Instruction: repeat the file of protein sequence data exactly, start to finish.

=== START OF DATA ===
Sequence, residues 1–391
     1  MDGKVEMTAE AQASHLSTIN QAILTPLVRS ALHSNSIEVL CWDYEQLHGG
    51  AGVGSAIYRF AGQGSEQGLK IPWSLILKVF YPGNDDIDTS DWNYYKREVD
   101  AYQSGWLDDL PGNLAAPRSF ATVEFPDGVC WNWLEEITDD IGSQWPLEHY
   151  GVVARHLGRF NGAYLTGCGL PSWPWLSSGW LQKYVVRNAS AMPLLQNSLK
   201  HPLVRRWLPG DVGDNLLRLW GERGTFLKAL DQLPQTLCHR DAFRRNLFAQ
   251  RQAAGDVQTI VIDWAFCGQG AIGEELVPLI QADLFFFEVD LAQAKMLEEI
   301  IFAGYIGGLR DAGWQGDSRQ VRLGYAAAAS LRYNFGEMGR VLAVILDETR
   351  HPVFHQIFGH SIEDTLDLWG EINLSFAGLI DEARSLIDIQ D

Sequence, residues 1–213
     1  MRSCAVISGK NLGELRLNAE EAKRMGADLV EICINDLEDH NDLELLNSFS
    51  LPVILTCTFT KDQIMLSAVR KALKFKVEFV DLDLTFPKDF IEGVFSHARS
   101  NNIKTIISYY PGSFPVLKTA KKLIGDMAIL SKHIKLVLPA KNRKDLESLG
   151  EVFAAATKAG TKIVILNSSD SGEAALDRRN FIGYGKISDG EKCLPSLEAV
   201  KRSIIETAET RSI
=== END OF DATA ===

Sequence, residues 1–391
     1  MDGKVEMTAE AQASHLSTIN QAILTPLVRS ALHSNSIEVL CWDYEQLHGG
    51  AGVGSAIYRF AGQGSEQGLK IPWSLILKVF YPGNDDIDTS DWNYYKREVD
   101  AYQSGWLDDL PGNLAAPRSF ATVEFPDGVC WNWLEEITDD IGSQWPLEHY
   151  GVVARHLGRF NGAYLTGCGL PSWPWLSSGW LQKYVVRNAS AMPLLQNSLK
   201  HPLVRRWLPG DVGDNLLRLW GERGTFLKAL DQLPQTLCHR DAFRRNLFAQ
   251  RQAAGDVQTI VIDWAFCGQG AIGEELVPLI QADLFFFEVD LAQAKMLEEI
   301  IFAGYIGGLR DAGWQGDSRQ VRLGYAAAAS LRYNFGEMGR VLAVILDETR
   351  HPVFHQIFGH SIEDTLDLWG EINLSFAGLI DEARSLIDIQ D

Sequence, residues 1–213
     1  MRSCAVISGK NLGELRLNAE EAKRMGADLV EICINDLEDH NDLELLNSFS
    51  LPVILTCTFT KDQIMLSAVR KALKFKVEFV DLDLTFPKDF IEGVFSHARS
   101  NNIKTIISYY PGSFPVLKTA KKLIGDMAIL SKHIKLVLPA KNRKDLESLG
   151  EVFAAATKAG TKIVILNSSD SGEAALDRRN FIGYGKISDG EKCLPSLEAV
   201  KRSIIETAET RSI